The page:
His profanity-laced remarks followed a moment of contrition in a New York Times DealBook Summit interview. Musk said repeatedly he was sorry for publishing a tweet on November 15 that agreed with an anti-Jewish post.
Musk has faced a torrent of criticism ever since he agreed with a user who falsely claimed Jewish people were stoking hatred against white people. Musk in his post said the user, who referenced the “Great Replacement” conspiracy theory, was speaking “the actual truth.”
On Wednesday Musk said he had “handed a loaded gun” to both detractors and antisemitic people, describing his post as possibly the worst he had made during a history of messages that included many “foolish” ones.
The Tesla CEO bristled at the idea that he was antisemitic and said that advertisers who left X, formerly known as Twitter, should not think they could blackmail him.
“If somebody’s gonna try to blackmail me with advertising, blackmail me with money? Go fuck yourself,” he said.
“Go. Fuck. Yourself. Is that clear? I hope it is. Hey, Bob, if you’re in the audience,” he added, in an apparent reference to Robert Iger, chief executive of Walt Disney, which pulled ads on X. Iger spoke earlier at the event and said that Disney felt the association with X following Musk’s move “was not a positive one for us”. A spokesperson from Disney did not immediately respond to a request for comment.
“What I care about is the reality of goodness, not the perception of it. And what I see all over the place is people who care about looking good while doing evil. Fuck them,” Musk said.
Musk’s expletives against advertisers is the “closing chapter” for brands doing business with X, said Lou Paskalis, founder of marketing consultancy AJL Advisory and the former head of global media at Bank of America. “They’re not going to forget that,” he said.
Customers who did not like him should consider the products his company make based on their quality, Musk said, pointing to electric cars from Tesla and SpaceX rockets. “I will certainly not pander,” he said.
Musk added that he himself arguably had done more for the environment, at Tesla, than anyone in the world, based on Tesla’s massive sales of electric vehicles.
“It would be fair to say, therefore, as a leader of the company, I’ve done more for the environment than everyone — any single human on Earth.”
Musk’s comments came on the same day that US Senate Majority Leader Chuck Schumer warned that the rise in antisemitism since the start of the Israel-Hamas war has reached a crisis point, saying it threatens the safety of Jews worldwide and the future of Israel. “To us, the Jewish people, the rise in antisemitism is a crisis. A five-alarm fire that must be extinguished,” Schumer said in an emotional, 40-minute Senate speech.
Musk’s post drew condemnation from the White House for what it called an “abhorrent promotion of antisemitic and racist hate.”
The “Great Replacement” theory falsely claims that Jewish people and leftists are engineering the ethnic and cultural replacement of white populations with non-white immigrants that will lead to a “white genocide.”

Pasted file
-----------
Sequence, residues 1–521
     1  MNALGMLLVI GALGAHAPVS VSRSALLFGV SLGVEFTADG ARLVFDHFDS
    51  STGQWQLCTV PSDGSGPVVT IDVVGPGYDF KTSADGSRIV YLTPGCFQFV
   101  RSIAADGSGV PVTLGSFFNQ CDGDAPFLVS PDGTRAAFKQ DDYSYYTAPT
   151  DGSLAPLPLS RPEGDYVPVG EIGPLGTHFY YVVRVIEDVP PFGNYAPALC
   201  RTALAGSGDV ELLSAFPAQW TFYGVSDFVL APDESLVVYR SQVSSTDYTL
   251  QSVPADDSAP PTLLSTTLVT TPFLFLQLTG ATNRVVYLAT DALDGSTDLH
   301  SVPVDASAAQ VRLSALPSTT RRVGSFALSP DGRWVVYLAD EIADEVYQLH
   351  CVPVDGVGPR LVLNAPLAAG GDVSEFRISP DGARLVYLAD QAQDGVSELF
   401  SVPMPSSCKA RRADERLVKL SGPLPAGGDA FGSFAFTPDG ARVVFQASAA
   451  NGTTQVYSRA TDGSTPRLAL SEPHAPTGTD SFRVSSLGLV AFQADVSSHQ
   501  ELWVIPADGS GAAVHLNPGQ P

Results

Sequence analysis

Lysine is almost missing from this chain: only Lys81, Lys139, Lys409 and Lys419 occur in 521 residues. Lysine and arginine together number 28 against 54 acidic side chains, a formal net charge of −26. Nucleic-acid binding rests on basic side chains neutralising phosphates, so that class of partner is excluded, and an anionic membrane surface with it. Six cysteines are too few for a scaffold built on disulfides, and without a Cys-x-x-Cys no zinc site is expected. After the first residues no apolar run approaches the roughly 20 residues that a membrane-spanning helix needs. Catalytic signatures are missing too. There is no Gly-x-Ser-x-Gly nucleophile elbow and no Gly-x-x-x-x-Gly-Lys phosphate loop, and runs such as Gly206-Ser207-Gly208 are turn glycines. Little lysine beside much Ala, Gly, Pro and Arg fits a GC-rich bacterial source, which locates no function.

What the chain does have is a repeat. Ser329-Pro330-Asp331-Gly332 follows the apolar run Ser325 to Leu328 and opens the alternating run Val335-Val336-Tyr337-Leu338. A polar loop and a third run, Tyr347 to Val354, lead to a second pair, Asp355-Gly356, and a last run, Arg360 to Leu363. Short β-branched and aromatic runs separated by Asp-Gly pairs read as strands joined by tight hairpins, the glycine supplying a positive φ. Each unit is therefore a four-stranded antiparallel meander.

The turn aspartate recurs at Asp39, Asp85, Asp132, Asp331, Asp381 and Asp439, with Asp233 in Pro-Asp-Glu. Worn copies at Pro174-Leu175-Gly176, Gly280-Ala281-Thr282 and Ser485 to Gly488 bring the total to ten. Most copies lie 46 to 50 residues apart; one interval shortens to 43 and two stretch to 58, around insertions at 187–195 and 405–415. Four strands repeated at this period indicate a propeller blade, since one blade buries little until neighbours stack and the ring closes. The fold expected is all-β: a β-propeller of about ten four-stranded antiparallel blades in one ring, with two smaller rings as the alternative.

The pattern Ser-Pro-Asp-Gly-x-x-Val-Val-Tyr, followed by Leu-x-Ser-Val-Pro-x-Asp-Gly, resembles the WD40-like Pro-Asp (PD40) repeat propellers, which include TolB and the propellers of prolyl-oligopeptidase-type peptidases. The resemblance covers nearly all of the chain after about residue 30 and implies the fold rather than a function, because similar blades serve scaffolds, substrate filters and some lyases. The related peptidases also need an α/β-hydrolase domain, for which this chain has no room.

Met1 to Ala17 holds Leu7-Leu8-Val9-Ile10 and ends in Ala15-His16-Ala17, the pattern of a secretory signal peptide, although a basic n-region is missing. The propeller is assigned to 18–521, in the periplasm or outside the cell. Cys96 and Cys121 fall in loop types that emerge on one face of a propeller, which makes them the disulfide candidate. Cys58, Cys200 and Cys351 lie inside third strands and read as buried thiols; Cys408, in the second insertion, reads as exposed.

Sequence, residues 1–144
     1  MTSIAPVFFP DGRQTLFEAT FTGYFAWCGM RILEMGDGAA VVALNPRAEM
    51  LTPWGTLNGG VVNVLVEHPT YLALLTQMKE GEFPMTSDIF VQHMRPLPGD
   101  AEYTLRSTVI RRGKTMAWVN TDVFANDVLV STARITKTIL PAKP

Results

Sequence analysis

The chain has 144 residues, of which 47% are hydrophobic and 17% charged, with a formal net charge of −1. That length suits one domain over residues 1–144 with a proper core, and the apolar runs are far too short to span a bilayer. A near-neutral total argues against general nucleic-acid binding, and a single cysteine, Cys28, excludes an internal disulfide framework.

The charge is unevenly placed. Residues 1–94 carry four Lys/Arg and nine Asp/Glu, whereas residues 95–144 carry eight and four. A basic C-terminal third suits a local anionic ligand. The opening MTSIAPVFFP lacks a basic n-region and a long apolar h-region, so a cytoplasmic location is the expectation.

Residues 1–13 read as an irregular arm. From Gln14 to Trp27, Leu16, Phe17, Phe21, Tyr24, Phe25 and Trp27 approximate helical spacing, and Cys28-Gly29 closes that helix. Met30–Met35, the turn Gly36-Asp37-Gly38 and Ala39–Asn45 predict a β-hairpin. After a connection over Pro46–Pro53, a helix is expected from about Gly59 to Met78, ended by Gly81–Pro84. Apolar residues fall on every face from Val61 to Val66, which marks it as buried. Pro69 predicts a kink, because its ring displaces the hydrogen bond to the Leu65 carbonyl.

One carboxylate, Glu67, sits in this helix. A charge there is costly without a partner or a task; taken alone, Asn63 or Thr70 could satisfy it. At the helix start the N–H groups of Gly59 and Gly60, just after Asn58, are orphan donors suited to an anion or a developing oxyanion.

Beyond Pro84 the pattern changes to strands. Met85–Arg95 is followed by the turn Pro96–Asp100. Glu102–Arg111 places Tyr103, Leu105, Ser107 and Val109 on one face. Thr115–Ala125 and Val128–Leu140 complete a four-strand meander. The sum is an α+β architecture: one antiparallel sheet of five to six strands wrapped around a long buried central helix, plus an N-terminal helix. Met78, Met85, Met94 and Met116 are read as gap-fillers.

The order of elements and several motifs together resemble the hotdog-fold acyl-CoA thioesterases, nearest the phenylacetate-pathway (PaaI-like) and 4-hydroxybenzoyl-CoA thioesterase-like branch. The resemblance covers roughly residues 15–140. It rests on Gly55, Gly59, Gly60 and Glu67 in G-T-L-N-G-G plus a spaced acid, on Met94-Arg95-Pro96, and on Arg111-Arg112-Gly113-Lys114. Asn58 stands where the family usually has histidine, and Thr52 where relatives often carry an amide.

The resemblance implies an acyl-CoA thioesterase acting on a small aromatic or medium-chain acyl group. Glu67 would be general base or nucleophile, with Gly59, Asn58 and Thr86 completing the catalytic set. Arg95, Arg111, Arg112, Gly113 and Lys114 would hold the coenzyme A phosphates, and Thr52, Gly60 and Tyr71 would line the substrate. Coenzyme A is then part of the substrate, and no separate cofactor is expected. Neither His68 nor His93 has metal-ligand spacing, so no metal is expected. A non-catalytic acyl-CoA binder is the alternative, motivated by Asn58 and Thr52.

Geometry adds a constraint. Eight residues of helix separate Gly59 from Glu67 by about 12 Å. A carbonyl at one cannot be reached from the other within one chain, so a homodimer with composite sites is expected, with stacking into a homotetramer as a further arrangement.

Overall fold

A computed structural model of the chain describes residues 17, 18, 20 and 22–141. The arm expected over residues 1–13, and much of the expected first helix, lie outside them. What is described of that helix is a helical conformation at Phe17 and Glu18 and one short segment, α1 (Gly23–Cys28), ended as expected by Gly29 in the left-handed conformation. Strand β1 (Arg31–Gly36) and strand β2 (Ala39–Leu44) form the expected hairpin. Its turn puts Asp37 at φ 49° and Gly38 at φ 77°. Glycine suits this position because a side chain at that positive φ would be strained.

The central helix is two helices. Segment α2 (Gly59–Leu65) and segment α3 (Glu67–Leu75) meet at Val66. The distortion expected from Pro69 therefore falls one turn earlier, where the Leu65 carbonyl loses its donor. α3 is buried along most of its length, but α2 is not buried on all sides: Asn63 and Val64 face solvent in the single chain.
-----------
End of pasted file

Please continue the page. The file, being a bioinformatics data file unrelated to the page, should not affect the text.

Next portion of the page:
Following the post, major US companies including Walt Disney, Warner Bros Discovery and NBCUniversal parent Comcast suspended their ads on X. A report from liberal watchdog group Media Matters precipitated the advertiser exit, which said it found ads next to posts that supported Nazism. The platform filed a lawsuit last week against Media Matters for defamation.
Musk’s comments have put pressure on X overall, including Chief Executive Linda Yaccarino. An executive told Reuters that she would remain at the company.
Musk himself appeared resolved that X could fail financially and blamed advertisers.
“If the company fails because of advertiser boycott, it will fail because of an advertiser boycott. And that will be what bankrupt the company and that’s what everybody on earth will know,” he said. “Let the chips fall where they may.”
In the wake of the condemnation around his post, Musk travelled to Israel and toured the site of Hamas’ assault in the country on 7 October. On Monday, he spoke with Israeli Prime Minister Benjamin Netanyahu in a live-streamed conversation on X.
Musk on Wednesday said the trip had been planned before his message and was “independent” of the issue.
Musk in Israel said he is against antisemitism and anything that “promotes hate and conflict” and stated that X would not promote hate speech. While there, he received a symbolic dog tag from the father of an Israeli hostage taken captive by Hamas, which he promised to wear until all the hostages were free. He wore the dog tag on stage on Wednesday.
“The fact that you came here speaks volumes of your commitment to try to secure a better future,” Netanyahu told Musk during the conversation in Israel.
Musk’s wide-ranging interview on Wednesday included discussions from freedom of speech to the environment to US presidential politics. Musk said he thought he would not vote to re-elect President Joe Biden but did not say he would vote for his likely challenger, Donald Trump.
Antisemitism in US a ‘five-alarm fire’ amid Israel-Hamas war, Senator Schumer says.
Reporting by Sheila Dang in Dallas; Additional reporting by Hyunjoo Jin; Writing by Peter Henderson; Editing by David Gaffen and Lisa Shumaker for Reuters.